With more than half of all Americans now owning stock, it is not surprising that many of them are donating shares of stock to their church. As a result, it is important for church leaders and donors to be familiar with the tax rules that apply to stock donations. Unfamiliarity with these rules can result in additional taxes. This is the second article in a two-article series reviewing what donors and church leaders need to know. The first article appeared in the August 2001 edition of this newsletter, and addressed the following topics:
1. Why should donors consider donating stock to their church?
2. What about gifts of privately held stock?
3. What limitations apply to gifts of stock?
4. What about stock that has declined in value?
5. What about selling the stock and donating the proceeds?
This article will address four additional issues associated with gifts of stock.
As we have seen, donors who contribute publicly traded stock to a church or charity can claim a charitable contribution deduction in the amount of the fair market value of the donated shares, subject to the limitations discussed previously. The fair market value of donated stock is determined by (1) determining the “mean price” of the donated shares by adding the high and low quoted prices of the stock on the day of the gift, and dividing by two; and then (2) multiplying the mean price times the number of donated shares.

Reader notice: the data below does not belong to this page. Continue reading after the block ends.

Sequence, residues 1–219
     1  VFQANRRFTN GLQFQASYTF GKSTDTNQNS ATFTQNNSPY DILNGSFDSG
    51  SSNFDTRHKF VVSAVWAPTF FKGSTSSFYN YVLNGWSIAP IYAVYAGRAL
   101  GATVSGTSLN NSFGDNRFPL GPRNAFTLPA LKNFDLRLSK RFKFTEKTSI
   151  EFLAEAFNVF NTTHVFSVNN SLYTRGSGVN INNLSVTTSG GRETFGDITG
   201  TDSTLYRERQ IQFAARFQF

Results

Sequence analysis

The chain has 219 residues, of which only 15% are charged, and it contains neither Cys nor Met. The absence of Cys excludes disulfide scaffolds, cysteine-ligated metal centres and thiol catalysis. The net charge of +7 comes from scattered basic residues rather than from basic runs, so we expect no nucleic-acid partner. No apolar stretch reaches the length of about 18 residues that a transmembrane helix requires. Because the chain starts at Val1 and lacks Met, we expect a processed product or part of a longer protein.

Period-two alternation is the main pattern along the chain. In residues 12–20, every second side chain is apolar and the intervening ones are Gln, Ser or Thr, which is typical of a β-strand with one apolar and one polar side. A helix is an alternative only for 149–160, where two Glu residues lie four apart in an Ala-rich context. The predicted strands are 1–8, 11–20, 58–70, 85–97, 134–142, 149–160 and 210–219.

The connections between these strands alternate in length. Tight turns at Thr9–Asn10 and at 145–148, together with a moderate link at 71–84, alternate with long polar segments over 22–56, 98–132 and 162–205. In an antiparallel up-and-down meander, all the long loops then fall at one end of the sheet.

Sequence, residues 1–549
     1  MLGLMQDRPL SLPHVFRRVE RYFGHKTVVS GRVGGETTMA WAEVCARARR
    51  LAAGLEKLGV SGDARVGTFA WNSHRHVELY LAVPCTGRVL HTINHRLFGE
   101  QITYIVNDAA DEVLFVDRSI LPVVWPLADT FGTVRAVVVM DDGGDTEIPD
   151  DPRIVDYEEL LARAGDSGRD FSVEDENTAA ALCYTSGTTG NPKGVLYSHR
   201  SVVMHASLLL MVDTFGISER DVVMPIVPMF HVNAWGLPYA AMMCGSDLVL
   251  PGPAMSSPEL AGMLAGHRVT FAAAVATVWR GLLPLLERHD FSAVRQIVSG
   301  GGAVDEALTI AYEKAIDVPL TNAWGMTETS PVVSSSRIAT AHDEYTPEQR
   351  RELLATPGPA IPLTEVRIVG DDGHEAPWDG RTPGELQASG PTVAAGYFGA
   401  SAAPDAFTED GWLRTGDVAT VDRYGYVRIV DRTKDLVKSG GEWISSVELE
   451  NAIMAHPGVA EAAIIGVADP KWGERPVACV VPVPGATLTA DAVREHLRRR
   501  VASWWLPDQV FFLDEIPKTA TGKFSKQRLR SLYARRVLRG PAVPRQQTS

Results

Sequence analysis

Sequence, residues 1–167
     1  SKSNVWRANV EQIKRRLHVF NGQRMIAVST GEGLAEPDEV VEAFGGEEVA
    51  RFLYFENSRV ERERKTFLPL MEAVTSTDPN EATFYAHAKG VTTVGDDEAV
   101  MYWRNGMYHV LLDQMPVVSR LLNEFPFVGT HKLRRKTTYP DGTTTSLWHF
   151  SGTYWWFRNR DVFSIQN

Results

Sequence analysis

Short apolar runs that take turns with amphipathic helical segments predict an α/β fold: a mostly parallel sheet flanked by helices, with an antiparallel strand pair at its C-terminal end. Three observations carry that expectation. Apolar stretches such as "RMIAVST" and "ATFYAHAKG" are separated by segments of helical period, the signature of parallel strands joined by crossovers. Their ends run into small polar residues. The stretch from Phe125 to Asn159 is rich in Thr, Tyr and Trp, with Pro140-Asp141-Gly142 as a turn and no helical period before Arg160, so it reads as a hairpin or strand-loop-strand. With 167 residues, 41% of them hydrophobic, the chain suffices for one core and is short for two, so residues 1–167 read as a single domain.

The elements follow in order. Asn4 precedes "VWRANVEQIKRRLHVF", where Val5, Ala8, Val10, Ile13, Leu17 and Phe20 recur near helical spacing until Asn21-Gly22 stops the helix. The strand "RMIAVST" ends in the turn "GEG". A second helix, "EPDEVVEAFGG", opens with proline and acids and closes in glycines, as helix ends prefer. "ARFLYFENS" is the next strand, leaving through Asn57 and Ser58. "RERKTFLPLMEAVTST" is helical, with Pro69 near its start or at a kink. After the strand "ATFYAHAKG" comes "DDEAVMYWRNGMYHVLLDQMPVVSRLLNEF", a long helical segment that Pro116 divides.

Key point. The date of a gift of stock is addressed in the income tax regulations as follows: “Ordinarily, a contribution is made at the time delivery is effected. The unconditional delivery or mailing of a check which subsequently clears in due course will constitute an effective contribution on the date of delivery or mailing. If a taxpayer unconditionally delivers or mails a properly endorsed stock certificate to a charitable donee or the donee’s agent, the gift is completed on the date of delivery or, if such certificate is received in the ordinary course of the mails, on the date of mailing. If the donor delivers the stock certificate to his bank or broker as the donor’s agent, or to the issuing corporation or its agent, for transfer into the name of the donee, the gift is completed on the date the stock is transferred on the books of the corporation.” Treas. Reg. 1.170A 1(b).